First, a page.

Those of us old enough to remember the good old days of flying can't believe that today's new leader in customer service and experience is (drumroll) Southwest Airlines!

If you read my recent post about Southwest, you may have seen the comments from others who had similar positive experiences with SWA. Isn't it interesting that an airline mostly known for cheap fares is now known for customer service?

Flying is no longer luxurious. Flight attendants are all too often surly. Flights are all too often delayed and cancelled. If you miss a connection, you will likely have great difficulty getting another any time soon.

Being in an airline's Frequent Prisoner program doesn't help much anymore, either. I've now got over FIVE million miles on American Airlines. I recently purchased an "Instant Upgrade" ticket, which costs a LOT more than their lowest fare. When I missed my connection in Chicago, the supposed "Elite Desk" agent said I would get a middle coach seat on the next available flight. She went on to tell me I couldn't even be put on the upgrade standby list, despite my ticket, my inconvenience, and my status. When pressed for an explanation, all she could do was repeat, "Well, you didn't REALLY buy a higher level ticket," over and over.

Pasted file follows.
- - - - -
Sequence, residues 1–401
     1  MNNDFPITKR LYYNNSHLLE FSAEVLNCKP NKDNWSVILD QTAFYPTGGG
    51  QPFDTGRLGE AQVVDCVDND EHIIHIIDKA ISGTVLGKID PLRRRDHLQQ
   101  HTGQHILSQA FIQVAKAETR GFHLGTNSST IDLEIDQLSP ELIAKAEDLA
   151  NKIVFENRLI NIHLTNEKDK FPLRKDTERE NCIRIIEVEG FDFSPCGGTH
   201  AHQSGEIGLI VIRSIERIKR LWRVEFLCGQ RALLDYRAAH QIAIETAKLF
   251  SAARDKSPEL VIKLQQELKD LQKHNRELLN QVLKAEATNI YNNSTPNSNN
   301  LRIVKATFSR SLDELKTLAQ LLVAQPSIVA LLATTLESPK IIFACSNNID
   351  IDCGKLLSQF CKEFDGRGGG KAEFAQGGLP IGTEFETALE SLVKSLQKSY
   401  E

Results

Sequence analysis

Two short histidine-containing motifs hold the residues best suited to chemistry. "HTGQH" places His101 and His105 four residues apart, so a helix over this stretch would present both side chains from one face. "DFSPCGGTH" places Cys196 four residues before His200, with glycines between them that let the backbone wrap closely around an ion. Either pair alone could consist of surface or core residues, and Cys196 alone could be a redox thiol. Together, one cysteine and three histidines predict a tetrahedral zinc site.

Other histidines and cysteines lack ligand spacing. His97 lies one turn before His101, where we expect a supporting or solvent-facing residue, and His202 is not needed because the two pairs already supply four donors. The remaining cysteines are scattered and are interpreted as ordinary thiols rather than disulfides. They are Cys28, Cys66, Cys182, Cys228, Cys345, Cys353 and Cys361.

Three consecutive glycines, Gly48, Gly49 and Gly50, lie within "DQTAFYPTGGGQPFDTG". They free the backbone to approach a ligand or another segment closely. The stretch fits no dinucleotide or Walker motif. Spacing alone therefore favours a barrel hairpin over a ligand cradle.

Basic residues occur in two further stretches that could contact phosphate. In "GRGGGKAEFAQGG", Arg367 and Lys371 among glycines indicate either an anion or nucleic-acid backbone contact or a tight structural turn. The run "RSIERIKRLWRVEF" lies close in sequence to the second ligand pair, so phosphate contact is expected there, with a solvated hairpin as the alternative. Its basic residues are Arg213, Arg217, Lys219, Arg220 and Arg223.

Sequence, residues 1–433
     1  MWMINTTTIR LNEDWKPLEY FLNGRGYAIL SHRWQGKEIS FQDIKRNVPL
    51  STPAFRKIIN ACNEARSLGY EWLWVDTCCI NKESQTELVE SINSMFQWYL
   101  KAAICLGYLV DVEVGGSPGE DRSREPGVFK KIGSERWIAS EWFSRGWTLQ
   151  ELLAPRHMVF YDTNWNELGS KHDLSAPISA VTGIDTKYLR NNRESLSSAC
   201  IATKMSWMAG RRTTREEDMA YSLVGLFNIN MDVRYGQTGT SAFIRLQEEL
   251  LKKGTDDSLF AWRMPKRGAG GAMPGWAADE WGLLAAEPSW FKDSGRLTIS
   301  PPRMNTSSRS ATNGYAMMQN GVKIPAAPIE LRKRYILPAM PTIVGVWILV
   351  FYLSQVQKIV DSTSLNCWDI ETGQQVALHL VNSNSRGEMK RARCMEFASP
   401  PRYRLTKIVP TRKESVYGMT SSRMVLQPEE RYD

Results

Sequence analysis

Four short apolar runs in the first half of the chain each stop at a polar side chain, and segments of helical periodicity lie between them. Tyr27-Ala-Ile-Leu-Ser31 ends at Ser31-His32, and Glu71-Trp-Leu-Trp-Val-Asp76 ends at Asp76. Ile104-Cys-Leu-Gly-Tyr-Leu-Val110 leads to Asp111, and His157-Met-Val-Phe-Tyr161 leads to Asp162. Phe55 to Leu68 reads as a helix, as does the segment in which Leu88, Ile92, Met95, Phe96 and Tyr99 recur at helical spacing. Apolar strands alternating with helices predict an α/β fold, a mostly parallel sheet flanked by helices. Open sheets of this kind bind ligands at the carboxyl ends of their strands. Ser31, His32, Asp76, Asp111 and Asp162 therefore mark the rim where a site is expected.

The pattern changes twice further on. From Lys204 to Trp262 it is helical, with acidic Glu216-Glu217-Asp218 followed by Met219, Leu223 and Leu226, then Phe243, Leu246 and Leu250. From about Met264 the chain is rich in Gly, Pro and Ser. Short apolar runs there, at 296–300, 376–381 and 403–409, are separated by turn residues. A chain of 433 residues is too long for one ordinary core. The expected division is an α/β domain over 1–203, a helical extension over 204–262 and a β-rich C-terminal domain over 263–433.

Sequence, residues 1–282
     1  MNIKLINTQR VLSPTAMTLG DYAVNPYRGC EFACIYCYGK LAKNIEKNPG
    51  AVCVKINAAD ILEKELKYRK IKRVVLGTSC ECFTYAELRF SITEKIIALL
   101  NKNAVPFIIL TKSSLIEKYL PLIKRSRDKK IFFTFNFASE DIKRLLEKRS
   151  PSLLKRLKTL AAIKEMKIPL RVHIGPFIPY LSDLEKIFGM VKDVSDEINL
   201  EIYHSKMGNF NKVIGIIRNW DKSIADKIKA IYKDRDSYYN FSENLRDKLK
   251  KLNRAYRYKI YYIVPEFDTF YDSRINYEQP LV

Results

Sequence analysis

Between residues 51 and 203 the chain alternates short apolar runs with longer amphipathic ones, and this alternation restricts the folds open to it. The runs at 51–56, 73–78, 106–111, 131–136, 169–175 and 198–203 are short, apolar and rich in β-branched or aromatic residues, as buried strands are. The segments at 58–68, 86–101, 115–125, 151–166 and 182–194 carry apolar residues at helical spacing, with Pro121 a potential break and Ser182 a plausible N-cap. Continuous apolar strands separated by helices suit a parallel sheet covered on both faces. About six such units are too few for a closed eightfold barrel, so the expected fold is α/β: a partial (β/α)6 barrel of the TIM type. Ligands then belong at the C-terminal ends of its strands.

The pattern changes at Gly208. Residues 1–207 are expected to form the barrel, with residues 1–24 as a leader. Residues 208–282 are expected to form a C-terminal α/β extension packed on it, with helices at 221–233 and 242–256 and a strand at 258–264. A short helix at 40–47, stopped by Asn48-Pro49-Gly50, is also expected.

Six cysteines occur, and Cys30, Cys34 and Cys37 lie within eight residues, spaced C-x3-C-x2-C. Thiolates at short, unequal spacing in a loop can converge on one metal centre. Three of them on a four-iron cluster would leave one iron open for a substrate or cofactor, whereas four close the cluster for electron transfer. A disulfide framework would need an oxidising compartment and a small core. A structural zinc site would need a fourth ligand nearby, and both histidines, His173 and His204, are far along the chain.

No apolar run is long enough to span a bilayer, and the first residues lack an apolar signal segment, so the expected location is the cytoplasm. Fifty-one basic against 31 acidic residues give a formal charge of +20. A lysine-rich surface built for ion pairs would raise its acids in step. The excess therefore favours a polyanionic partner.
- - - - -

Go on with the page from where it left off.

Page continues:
Yesterday's success couldn't matter less. The big airlines used the own the skies and heavy travelers, like me, appreciated the perks and bonuses. Something like 20 years ago, American flew a group of us to the British Isles for a week of golf. First class all the way. All I had to buy was my beer. Now American charges for pillows. Southwest Airlines rules the skies now and I remember when Herb Kelleher said their main competition was Greyhound Bus. I've GOT to believe Greyhound is better than most airlines now.

This is an important lesson for all of us. First, if you're #1, don't get cocky. Be paranoid. Keep fighting as if tomorrow depends on it. (It does.)

If you're not #1, be like Southwest. Take care of your customers. Do the right thing. Keep innovating. And when #1 stumbles, as they so often do, you'll be there to take their place.

And don't charge me for a pillow.